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Old 03-08-2004, 08:18 AM   #1
DiBosco
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What's using my parallel port?!


Hi Folks,

I'm trying to get a compiler and debugger going that uses the parallel port to communicate with the on chip debugger on a microprocessor. When I run the program it tells me:

"Cannot open target interface. Parallel port is already in use."

Is it possible to find out what Linux thinks is using the parallel port and then freeing it up?

I'm not using the parallel port for printing (in fact I'm doing all my printing over the network) and before I ran this program I didn't have a parallel port setup and had to run mknod for parport0...

I'm using Mandrake 9, btw...

Many thanks,

Rob.
 
Old 03-08-2004, 05:35 PM   #2
ac1980
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Not sure it will work, but worth trying: as root
Code:
lsof /dev/par0
or whatever your parallel port is called
 
Old 03-08-2004, 05:46 PM   #3
DiBosco
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Sadly, no. That doesn't list anything using it. Looked like the right command though did lsof!

Of course, there may well be nothing using it, but the software might be flaky!
 
Old 03-08-2004, 05:59 PM   #4
ac1980
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Try making "ln -s /dev/parport0 /dev/par0" maybe the error description is misleading, and it can't just open the interface.
 
Old 03-08-2004, 06:13 PM   #5
Electro
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It happens to me in VMware if I have CUPS or a printer service setup. You can remove that module (I think lp) and try it again. You may want to set the parport to mode 666. Do not forget to load up lp module after you are done.
 
Old 03-08-2004, 07:34 PM   #6
Thymox
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If you're using VMWare, then you may want to disable parallel port support the the client OS and use a share your printer as a network printer, and then use network printing (even though it's on the same machine). The problem, as I see it, is that both the host and the client OS are trying to access the parallel port and only one is allowed to do so. The answer: eliminate the problem.
 
Old 03-09-2004, 06:47 AM   #7
Aussie
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Check to see if the 'lp' module is loaded with "lsmod" (as root), if it is then unload it with "rmmod lp".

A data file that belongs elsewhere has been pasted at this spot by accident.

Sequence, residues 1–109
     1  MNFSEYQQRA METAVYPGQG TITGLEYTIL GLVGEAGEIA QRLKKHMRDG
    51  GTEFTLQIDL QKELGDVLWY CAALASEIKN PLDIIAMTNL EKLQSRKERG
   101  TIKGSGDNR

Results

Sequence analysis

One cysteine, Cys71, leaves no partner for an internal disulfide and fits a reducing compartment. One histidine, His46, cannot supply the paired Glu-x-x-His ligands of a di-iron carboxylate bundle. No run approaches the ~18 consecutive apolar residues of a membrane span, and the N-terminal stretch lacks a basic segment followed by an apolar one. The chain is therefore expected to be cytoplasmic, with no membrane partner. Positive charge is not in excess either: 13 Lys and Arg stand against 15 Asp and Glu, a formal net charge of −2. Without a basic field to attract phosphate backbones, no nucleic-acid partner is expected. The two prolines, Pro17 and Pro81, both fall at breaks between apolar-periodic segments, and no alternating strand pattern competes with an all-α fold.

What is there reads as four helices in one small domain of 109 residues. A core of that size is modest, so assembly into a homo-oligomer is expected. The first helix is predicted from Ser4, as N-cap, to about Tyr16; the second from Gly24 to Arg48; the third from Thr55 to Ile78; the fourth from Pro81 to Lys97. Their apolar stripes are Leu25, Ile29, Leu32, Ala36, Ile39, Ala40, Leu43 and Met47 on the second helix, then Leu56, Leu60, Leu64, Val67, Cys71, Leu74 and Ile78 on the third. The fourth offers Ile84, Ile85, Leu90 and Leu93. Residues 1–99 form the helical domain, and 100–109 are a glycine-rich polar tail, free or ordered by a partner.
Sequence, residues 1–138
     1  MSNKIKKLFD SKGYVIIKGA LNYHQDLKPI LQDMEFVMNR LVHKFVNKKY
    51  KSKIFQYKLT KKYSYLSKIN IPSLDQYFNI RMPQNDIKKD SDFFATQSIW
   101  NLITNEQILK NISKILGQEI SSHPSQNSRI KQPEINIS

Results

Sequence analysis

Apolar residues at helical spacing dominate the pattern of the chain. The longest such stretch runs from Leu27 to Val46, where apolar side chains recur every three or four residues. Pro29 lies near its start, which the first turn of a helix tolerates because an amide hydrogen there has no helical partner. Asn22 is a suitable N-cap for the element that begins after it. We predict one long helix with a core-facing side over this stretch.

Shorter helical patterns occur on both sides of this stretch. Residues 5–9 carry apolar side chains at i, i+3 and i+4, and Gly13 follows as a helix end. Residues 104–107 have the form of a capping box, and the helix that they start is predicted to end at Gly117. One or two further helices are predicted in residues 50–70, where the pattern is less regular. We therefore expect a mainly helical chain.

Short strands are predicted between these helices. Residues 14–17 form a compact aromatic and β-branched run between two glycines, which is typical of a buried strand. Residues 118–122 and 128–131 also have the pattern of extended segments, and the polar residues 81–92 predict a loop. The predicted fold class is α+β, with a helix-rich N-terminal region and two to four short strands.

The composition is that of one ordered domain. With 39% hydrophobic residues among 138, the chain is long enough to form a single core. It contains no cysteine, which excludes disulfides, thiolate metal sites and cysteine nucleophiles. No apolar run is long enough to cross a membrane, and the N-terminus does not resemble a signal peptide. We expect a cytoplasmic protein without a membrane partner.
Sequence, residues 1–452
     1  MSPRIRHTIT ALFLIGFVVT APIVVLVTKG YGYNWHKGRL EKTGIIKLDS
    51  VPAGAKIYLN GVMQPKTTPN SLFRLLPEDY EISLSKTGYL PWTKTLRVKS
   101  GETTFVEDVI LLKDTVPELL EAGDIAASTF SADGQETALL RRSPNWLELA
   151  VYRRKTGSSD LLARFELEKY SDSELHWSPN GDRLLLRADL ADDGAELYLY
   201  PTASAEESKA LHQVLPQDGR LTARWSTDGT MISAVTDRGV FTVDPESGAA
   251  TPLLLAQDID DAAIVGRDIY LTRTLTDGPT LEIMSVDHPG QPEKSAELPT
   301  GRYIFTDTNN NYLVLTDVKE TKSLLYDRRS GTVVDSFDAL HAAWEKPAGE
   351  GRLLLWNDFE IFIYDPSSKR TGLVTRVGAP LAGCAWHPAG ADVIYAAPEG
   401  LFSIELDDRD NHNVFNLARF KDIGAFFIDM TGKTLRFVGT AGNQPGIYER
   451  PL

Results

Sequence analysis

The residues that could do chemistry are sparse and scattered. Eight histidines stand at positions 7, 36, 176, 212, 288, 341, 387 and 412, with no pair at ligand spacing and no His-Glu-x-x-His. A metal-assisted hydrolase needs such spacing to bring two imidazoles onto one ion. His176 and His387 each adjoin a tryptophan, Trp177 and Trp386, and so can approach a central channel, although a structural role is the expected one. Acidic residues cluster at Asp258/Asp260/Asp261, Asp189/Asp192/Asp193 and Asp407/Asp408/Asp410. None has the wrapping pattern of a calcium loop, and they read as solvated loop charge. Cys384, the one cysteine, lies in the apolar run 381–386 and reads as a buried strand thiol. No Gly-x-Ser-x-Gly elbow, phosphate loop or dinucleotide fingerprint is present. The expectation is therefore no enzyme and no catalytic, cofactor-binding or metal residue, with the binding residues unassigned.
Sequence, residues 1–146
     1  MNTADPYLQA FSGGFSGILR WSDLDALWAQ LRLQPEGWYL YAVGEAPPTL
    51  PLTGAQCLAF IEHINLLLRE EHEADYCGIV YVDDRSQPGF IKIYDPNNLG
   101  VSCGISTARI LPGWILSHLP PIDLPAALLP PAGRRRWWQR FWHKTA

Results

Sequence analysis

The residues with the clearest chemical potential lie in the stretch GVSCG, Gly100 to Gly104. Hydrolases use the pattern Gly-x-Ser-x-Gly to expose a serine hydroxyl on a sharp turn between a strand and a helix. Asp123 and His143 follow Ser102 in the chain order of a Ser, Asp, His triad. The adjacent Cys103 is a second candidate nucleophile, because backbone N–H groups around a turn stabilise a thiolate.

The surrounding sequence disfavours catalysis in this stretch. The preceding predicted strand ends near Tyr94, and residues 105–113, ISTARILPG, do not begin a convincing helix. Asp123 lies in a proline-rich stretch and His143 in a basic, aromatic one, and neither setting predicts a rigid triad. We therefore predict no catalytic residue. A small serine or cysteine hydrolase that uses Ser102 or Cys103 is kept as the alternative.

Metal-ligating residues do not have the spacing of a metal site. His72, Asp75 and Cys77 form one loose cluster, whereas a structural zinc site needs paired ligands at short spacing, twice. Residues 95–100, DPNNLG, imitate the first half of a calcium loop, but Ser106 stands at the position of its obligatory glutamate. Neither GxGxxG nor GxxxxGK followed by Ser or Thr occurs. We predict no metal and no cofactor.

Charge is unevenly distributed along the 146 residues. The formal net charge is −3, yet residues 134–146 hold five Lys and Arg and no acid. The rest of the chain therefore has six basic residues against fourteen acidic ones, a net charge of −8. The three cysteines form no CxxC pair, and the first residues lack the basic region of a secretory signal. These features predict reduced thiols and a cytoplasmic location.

'lp' is the pp printer module.
 
Old 03-09-2004, 09:47 AM   #8
DiBosco
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Aussie, you beaut, that's it! Thanks!

At the risk of sounding ignorant (not so far from the truth) - what am I doing there by entering rmmod lp? I guess I'm removing a "module" - whatever that is - for lp (line printer?). Is a module a piece of code that allows the kernel to interface with hardware?

Bear in mind that I'm a programmer, and I'm not stupid, but all my experience is low level code - assembler and C for microcontrollers...

Oh, btw thanks to the other suggestions I'm running Mandrake 9.1, not VMware.

Many thanks!

Rob.
 
Old 03-09-2004, 05:45 PM   #9
Aussie
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Quote:
Originally posted by DiBosco
Aussie, you beaut, that's it! Thanks!
Your welcome :-)

Quote:
Originally posted by DiBosco
At the risk of sounding ignorant (not so far from the truth) - what am I doing there by entering rmmod lp? I guess I'm removing a "module" - whatever that is - for lp (line printer?).
Yes, if Mandrake uses hotplug you can stop it loading the lp module at boot by adding it to /etc/hotplug/blacklist.

Quote:
Originally posted by DiBosco
Is a module a piece of code that allows the kernel to interface with hardware?
Yes, but thats not all a module can do, you can have filesystem support compiled as modules (but it's not a good idea to have your primary filesystem as a module) and iptables support is usually compiled as modules.

Quote:
Originally posted by DiBosco
Bear in mind that I'm a programmer, and I'm not stupid, but all my experience is low level code - assembler and C for microcontrollers...

Oh, btw thanks to the other suggestions I'm running Mandrake 9.1, not VMware.

Many thanks!

Rob.
Have a look at file:/usr/src/linux/Documentation/modules.txt for more info on dynamically loadable kernel modules.
 
Old 06-19-2004, 08:33 AM   #10
DiBosco
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This problem has raised its ugly head again now I've installed Mandrake 10.

Initially I didn't have a parallel port listed at all, (and the application was telling me /dev/parport0 didn't exist) so I did:

modprobe parport_pc

which I saw recommended somewhere else here, but it seemed to do nothing, so I did:

modprobe parport

as well. This didn't quite work properly, it was still saying /dev/parport0 didn't exist, though the directory /dev/lp0 had suddenly appeared.

I did:

ln -s /dev/lp0 /dev/parport0

Which eventually stopped the message telling me /dev/partport0 didn't exist, but then told me:

"Can't open target interface, parallel port already in use"

So, I thought, no problem, I'll do:

rmmod lp

as I did last time. However, whenever I run the application, lp reappears in the lsmod listing.

I now have parport_pc, parport and lp0 in my lsmod. If I remove parport_pc, parport and lp an do lsmod, they all go. As soon as I try connecting to the parallel port with my application they all appear as below in lsmod

parport_pc 32832 1
lp 12200 0
parport 38952 2 parport_pc,lp


I seem to have got myself in a real tangle! Anyone have any ideas what I've done wrong?!

Many thanks.

Rob.

Last edited by DiBosco; 06-19-2004 at 08:44 AM.
 
Old 06-20-2004, 11:18 AM   #11
DiBosco
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Sussed it, I needed to do mknod, not just make a symbolic link to parport0.

Sorreeeee!
 
  


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